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No. 26437-Thelma J. Dalton v. John Doe

McGraw, J., dissenting:

        I reject the majority's conclusion that Hamric v. Doe, 201 W. Va. 615, 499 S.E.2d 619 (1997), had the “clear effect of . . . overrul[ing] established law,”and must therefore be applied only prospectively. While it is true that the Hamric Court suggested in a footnote that it was overruling prior case law on the subject,See footnote 1 1 Hamric in fact did not work any significant change in West Virginia law. Previous cases, most notably State Farm Mut. Auto. Ins. Co. v. Norman, 191 W. Va. 498, 446 S.E.2d 720 (1994), clearly foreshadowed the result reached in Hamric. Indeed, Hamric was the very first case in which this Court was required to address the ultimate reach of the “physical contact” requirement contained in W. Va. Code § 33-6-31(e)(iii). Thus, the majority's suggestion that Hamric marked a departure from previous settled law is simply inaccurate. I would permit Hamric to be applied retroactively, as is the Court's custom in all cases of first impression dealing with issues of statutory interpretation.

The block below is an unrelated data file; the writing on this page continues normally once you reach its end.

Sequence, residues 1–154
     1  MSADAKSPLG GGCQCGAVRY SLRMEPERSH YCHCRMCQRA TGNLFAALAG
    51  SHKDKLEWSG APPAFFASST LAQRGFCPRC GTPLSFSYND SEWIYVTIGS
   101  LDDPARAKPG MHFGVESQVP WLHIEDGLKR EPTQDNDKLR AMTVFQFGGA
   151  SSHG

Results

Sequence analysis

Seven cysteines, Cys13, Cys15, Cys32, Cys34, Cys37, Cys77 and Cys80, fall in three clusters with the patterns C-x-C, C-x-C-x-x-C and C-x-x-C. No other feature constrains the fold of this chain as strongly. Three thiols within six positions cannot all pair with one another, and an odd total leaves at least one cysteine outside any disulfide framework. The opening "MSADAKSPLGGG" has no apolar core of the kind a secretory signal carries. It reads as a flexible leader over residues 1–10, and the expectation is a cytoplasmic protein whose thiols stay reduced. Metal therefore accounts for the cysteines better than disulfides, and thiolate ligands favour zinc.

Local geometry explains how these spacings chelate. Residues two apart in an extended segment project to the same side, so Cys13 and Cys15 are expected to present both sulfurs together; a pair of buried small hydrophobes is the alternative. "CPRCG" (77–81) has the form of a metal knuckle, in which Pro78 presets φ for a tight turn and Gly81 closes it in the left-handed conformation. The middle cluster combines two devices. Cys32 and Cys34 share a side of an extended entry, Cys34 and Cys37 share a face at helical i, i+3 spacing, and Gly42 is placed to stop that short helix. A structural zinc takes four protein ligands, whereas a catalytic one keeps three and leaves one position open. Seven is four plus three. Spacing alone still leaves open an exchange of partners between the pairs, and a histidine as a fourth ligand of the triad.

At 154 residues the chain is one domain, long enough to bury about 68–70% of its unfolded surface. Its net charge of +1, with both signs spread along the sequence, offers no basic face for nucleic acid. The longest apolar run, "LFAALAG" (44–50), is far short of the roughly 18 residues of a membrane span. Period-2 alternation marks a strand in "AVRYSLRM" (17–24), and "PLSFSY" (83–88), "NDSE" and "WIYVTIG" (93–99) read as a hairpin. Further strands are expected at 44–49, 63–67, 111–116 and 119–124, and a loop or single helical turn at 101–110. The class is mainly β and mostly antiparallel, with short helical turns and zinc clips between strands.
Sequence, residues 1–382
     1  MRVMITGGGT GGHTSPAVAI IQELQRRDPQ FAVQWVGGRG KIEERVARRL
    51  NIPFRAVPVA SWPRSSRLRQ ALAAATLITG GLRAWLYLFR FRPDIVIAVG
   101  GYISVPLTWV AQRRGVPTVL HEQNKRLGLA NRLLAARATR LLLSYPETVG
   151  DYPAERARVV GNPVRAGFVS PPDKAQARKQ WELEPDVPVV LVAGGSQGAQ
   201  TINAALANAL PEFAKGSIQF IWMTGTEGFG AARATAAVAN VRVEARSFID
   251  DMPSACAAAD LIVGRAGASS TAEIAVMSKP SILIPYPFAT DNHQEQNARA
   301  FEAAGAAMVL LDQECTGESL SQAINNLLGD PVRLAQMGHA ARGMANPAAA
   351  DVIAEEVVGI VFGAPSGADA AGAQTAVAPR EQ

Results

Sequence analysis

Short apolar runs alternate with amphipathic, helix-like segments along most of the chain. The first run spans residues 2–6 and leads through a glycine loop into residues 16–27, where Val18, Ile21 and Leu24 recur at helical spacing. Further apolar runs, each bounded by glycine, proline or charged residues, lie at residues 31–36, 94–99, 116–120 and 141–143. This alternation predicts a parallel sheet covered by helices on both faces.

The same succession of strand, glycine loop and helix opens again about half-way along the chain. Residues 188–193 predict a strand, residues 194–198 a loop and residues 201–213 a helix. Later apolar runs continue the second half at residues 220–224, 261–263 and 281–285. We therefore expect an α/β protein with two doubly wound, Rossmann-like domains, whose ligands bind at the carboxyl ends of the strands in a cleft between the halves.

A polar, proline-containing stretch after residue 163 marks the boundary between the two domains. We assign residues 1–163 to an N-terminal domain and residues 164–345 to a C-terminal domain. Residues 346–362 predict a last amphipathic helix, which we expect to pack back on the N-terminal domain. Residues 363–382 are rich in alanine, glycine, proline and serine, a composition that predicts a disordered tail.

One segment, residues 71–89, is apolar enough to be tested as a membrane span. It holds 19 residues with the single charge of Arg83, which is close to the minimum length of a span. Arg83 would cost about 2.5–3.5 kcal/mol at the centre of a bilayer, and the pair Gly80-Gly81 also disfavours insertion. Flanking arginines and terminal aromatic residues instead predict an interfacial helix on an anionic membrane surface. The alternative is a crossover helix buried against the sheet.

I likewise disagree with the majority's conclusion that so-called “John Doe” actions must be governed by the general two-year statute of limitation set forth in W. Va. Code § 55-2-12, rather than the ten-year limitation period for contract actions provided by W. Va. Code § 55-2-6. The majority attempts to make a distinction between actions brought directly against an insurer, and cases formally commenced against an unknown defendant in order to collect uninsured or underinsured motorist coverage. This is a hollow distinction. In Plumley v. May, 189 W. Va. 734, 434 S.E.2d 406 (1993), the Court made clear that an action brought against an insurer in pursuit of uninsured or underinsured motorist coverage is an action in contract rather than tort. I simply fail to see any reason for treating a John Doe action any differently, where the single object of such proceedings is to recover from the insurer. The majority in this case has plainly exalted form over substance.

        For the foregoing reasons, I respectfully dissent. I am authorized to state that Justice Starcher joins in this dissent.

Footnote: 1     1See Hamric, 201 W. Va. at 621 n.3, 499 S.E.2d at 625 n.3 (suggesting that holding in Hamric was in conflict with Lusk v. Doe, 175 W. Va. 775, 338 S.E.2d 375 (1985), where the latter case stated, “In order for the insured to recover from the insurer, upon trial it must be shown that the injuries were incurred after physical contact with the hit and run vehicle.”). It is difficult to see how there is any conflict between Lusk and Hamric, where the former case simply pointed out the existence of the “physical contact” requirement, and the latter undertook the common judicial function of interpreting such terminology.